Honoring the "French" family
In 1920 the French government created the Medal of Honor of the French Family, awarded to mothers who successfully raised four or more children. Many changes have taken place in the decree since then and in 1982 it was renamed the Medal of the French Family. In addition, fathers or anyone else who had raised several children in an appropriate way were eligible. Later still another change in the decree resulted in the Medal of the Family - since it is no longer necessary for the recipients to be French, only for the children to be French.
The recipients have to be recommended for the honor, usually by the mayor of their city.
Originally there were three medals - bronze, silver and gold. Bronze for four or five children, silver for six or seven, and gold for eight or more children. However, that too has been changed to just bronze, no matter how many children.
At the outset the medal was clearly a way of rewarding French mothers who had worked very hard raising large families and a way of encouraging large families. Over time, and with the demographic upheavals, the medal has been diluted in importance as a national symbol and has become, today, an omen of the loss of nationhood.
A certain number of recipients are welcomed every year at Elysée Palace. This past December, those who raised five children were:
Saadia Ayar née Jabir,
And those who raised six or seven children:
The photo above says it all.
One question: Were these the only women recommended? Are foreign women the only ones having large families? Or are the French women simply being deliberately overlooked? Surely there are still large Catholic families in France, but it is not in the nature of the mayors of France or the president to acknowledge them.
Thanks to the reader who sent the information. Terre d'Israel was also a source.
An interesting article posted at Le Salon Beige in May 2013 tells of one woman's decision to return the medal she received on June 6, 1993, during the presidency of François Mitterrand. In a long letter addressed to François Hollande, she explains that the Taubira law legalizing homosexual marriage denatures the institution she and her husband valued and dedicated their lives to, as they raised eleven children:
In the recognition that a nation grants to its families there is the consideration of a service. It is a simple service, natural but demanding, of a mother and a father who bring into the world the children born of their love. Because of this love, they raise them, not only for themselves and their right, but to build the civilization of tomorrow.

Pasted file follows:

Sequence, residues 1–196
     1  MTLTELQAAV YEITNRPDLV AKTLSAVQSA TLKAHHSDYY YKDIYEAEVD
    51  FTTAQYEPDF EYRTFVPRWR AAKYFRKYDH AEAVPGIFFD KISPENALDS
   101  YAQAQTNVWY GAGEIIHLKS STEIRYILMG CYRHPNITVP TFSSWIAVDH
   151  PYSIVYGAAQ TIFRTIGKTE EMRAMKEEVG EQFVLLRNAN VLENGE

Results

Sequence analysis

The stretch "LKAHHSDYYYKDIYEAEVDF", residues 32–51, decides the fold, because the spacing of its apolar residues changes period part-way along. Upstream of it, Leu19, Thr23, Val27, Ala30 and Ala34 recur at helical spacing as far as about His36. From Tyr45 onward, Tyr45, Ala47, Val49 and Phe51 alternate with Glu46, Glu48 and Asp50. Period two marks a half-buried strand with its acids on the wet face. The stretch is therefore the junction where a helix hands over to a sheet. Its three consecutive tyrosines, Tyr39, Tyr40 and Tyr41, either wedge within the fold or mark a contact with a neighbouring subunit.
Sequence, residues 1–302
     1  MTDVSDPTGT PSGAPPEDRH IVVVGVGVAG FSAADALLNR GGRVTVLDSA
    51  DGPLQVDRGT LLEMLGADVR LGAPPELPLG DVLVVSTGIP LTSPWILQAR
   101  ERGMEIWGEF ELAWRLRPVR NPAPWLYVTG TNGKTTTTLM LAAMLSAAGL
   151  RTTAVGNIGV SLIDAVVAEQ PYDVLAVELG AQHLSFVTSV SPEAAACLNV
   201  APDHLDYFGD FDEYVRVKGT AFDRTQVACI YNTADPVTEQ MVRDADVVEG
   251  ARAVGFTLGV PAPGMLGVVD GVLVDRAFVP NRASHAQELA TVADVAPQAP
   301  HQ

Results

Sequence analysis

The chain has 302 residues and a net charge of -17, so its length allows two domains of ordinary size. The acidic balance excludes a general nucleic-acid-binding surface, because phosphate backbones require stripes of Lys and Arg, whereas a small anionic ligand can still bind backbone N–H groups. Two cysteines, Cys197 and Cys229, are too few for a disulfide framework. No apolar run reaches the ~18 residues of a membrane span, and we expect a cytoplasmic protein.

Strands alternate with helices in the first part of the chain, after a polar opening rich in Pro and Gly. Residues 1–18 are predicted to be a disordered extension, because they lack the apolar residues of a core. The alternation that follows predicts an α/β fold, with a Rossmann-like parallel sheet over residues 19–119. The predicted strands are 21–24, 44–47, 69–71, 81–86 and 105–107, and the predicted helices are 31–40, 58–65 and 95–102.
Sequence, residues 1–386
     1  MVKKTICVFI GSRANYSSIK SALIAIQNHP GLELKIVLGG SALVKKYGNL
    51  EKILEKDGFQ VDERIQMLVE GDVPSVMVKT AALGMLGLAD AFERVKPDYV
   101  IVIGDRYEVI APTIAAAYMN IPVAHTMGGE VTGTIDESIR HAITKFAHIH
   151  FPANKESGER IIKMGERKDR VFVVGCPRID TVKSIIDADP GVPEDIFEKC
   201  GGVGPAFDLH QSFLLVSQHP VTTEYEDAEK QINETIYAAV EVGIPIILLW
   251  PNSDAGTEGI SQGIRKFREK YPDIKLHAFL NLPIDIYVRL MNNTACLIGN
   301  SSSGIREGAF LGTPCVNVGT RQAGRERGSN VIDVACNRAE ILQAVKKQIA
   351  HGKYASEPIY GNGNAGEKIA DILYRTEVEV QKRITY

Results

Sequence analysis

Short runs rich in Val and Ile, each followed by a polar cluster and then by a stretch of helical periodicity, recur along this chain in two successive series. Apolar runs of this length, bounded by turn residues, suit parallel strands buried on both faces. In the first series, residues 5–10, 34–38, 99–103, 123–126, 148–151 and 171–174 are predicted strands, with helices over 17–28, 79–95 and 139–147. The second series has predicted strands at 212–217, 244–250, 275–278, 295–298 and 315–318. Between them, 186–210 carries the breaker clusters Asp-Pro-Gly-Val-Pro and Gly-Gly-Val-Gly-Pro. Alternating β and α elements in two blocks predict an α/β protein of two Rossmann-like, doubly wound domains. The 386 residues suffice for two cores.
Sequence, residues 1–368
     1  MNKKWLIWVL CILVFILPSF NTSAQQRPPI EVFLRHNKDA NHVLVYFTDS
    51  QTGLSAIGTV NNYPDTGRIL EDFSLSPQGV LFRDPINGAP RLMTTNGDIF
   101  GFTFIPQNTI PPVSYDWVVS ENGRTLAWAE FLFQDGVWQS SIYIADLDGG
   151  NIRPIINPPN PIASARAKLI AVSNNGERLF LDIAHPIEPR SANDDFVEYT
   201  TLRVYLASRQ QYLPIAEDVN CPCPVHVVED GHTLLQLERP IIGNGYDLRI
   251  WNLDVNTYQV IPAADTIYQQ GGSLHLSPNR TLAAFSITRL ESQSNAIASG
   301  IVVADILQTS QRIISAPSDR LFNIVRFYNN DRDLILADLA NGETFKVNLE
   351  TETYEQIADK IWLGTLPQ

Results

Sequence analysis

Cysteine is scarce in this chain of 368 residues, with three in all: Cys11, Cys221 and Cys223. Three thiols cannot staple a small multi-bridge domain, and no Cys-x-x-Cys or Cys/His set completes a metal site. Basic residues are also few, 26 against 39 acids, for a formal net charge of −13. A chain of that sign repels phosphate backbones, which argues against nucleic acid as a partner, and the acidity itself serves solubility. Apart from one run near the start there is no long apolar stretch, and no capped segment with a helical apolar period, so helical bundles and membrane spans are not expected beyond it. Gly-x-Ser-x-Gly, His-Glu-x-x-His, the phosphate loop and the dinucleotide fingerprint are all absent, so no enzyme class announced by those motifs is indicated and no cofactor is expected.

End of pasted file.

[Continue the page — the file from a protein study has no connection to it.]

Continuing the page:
Here you have, Mr. President, a profound contradiction between the concept of the family advocated by the Republic until now, and what you are implementing in your policies. In truth, marriage and raising children, in your ideology, are nothing more than "rights" that justify the modification of natural concepts in order to adapt to individual practices. But this individualistic vision that you place above all else is to the detriment of a truly socialist concept of our country. Through your reform, the family is no longer in the service of the nation, it is no longer the nation of tomorrow; it is the expression of individual rights and is subject to the forms that each person chooses.
Of course, we have always been aware of the life styles of some people. If we found them strange, we did not question their freedom. But what an absurd idea to try to group them under the name of the family: filiation is not a poker game where the one who cheats best wins! At the official website, I see that the law passed by your parliament reproduces the same identical provisions as the preceding law on the Medal of the Family. Will you decorate them when they have purchased a sufficient number of children on these new slave markets that already exist in certain foreign countries? (…)
Note: She closes by saying that she is not the only one who feels this way and that other women will soon return the medal they received.
Le Salon Beige readers welcomed her decision enthusiastically.